It was a sombre end to the FOE evening when there was a showing of a programme about events at Bhopal on 3rd December 1984. The programme, narrated by talented British actress Indira Varma, was no rabble rousing call for action but an attempt to assemble the facts. A more passionate account is to be found on www.bhopal.org. More alarming than anything in the film has to be the responsibility for that incident. At Bhopal, India, poisonous methyl isocyanate was released by a chemical plant.
Globalisation claims to bring down barriers and to bring people out of poverty. The international trade that the WTO lobbies for adds air freighted Kenyan beans to the cookbook of smugness, but also requires cheap food and cheap production. Cheap food was, it appears, much of the motivation for Union Carbide to export its technology from the USA to build the Bhopal plant and thus ensure that the right pesticides were on hand. Trouble was, the pesticides had to be super cheap. To cut costs, hardly anyone worked nights and the chemical plant, once in trouble, could not be controlled because the equipment was faulty and the expertise was lacking.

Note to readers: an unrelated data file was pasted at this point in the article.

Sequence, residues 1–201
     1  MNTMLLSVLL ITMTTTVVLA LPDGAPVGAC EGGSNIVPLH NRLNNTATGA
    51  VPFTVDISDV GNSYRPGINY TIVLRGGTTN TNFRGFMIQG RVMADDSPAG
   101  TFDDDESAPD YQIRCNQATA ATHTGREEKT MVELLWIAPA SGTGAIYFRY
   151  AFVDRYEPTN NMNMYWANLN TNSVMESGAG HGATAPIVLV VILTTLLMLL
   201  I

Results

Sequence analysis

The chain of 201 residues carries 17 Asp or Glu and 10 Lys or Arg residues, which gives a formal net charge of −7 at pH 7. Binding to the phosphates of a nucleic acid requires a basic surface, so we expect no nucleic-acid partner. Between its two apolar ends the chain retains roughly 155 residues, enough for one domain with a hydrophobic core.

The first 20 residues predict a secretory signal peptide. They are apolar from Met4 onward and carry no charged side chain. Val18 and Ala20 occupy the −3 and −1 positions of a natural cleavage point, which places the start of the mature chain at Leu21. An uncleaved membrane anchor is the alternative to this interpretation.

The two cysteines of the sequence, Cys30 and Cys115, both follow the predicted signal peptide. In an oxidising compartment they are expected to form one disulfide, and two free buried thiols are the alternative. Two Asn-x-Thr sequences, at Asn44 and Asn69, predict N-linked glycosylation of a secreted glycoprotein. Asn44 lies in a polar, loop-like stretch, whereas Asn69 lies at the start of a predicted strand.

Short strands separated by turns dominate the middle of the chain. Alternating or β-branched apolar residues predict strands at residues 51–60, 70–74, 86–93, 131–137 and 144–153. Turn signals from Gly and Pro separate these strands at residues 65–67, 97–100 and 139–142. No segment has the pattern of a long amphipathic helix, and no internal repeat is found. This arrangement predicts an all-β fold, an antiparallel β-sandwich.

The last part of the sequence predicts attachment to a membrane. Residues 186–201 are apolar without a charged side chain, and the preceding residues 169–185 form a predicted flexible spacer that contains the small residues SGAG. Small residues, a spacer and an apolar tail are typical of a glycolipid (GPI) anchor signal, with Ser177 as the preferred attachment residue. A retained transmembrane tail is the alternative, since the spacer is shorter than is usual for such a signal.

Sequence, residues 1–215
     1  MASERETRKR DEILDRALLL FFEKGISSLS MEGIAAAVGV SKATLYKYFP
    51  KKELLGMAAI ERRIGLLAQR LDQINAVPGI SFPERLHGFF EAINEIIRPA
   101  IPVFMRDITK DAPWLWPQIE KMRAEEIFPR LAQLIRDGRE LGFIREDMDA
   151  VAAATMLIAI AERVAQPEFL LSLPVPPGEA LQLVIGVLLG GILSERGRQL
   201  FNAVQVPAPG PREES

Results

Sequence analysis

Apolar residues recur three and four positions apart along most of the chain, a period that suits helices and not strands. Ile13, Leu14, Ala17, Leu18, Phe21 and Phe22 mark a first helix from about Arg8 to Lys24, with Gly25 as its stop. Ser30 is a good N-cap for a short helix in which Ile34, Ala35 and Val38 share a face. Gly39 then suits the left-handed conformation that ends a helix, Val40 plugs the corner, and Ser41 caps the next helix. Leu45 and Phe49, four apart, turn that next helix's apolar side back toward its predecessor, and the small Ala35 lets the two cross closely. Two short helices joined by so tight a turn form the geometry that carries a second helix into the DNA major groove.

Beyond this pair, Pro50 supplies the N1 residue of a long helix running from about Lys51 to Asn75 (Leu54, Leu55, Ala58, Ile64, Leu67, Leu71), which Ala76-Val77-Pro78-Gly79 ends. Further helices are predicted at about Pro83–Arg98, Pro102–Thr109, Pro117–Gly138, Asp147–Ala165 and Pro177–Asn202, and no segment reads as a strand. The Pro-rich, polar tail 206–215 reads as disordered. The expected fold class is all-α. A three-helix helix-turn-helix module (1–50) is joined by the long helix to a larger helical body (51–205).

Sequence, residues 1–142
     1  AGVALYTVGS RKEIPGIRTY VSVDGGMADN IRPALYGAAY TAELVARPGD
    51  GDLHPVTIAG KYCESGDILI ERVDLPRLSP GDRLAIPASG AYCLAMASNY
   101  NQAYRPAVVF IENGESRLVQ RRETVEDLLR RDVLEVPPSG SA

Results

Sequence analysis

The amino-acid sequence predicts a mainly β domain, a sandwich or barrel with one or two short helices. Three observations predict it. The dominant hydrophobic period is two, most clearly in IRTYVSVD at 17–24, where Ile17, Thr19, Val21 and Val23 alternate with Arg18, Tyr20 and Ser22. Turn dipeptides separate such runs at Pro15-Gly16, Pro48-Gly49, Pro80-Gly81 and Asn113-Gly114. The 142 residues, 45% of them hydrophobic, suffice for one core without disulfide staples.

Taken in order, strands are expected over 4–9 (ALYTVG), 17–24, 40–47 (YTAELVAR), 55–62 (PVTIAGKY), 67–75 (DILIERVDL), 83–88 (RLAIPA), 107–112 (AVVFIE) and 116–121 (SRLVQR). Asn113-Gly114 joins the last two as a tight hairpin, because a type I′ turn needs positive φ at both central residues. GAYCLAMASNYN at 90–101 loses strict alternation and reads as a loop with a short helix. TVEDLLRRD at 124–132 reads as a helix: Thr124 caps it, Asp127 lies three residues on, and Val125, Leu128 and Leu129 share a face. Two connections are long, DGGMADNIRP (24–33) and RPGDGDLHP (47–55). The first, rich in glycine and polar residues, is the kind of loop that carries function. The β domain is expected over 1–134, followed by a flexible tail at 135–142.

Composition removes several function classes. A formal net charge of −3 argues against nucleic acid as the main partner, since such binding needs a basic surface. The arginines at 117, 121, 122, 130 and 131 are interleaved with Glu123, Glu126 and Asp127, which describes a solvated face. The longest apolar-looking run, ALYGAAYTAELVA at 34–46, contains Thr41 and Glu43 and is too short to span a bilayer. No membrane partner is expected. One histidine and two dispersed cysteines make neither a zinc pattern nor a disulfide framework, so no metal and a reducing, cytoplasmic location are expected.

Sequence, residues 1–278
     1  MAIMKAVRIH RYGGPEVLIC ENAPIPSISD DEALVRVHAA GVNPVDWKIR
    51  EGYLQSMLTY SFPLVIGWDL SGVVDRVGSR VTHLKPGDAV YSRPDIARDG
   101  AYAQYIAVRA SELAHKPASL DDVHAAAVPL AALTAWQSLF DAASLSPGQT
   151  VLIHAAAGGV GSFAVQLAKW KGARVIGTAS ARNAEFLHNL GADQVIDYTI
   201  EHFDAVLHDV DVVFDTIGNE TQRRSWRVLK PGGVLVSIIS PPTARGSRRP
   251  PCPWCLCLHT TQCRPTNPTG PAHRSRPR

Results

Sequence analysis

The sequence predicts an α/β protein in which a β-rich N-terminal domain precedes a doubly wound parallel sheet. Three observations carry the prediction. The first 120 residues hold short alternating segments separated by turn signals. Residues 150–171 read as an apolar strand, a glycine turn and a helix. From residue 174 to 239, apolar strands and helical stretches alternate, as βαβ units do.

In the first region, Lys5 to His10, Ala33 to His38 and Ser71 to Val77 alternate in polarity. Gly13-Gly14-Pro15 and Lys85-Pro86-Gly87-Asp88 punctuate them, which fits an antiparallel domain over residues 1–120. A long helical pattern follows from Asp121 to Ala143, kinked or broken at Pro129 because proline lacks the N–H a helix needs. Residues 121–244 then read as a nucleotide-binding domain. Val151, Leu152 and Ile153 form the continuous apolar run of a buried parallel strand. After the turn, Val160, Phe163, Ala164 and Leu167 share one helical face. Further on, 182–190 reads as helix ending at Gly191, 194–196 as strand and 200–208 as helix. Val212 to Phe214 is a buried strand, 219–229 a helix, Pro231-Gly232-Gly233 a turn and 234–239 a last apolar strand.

From the leaking poison, those who suffered terrible premature death were consequences of our food chain. Those same people are our neighbours on this wonderful planet. The trouble is, we do not seem to realise how good we have it and we continue to throw away food as though there were no tomorrow. If we did not waste so much, would we need so much pesticide ? Did we even need that chemical plant ? It would be good if Bhopal had taught us something at least about caution in dealing with industrial processes. All sorts of systems fail – just remember the Buncefield fuel depot sent its black smoke over Hemel Hempstead in Hertfordshire only a few months ago.
We are going to have industrial processes even to maintain what we have now and to fuel the demand for (quickly obsolete) computers and the like. But don’t despair as we are not in a hopeless situation. There is no need to standby wringing our hands. To reduce the frequency of disasters we can tighten up the controls but we can also reduce the number of the chemical plants by consuming less and wasting less. Even though dropping consumption does not fit the economic model, isn’t it unacceptable to poison people and planet ?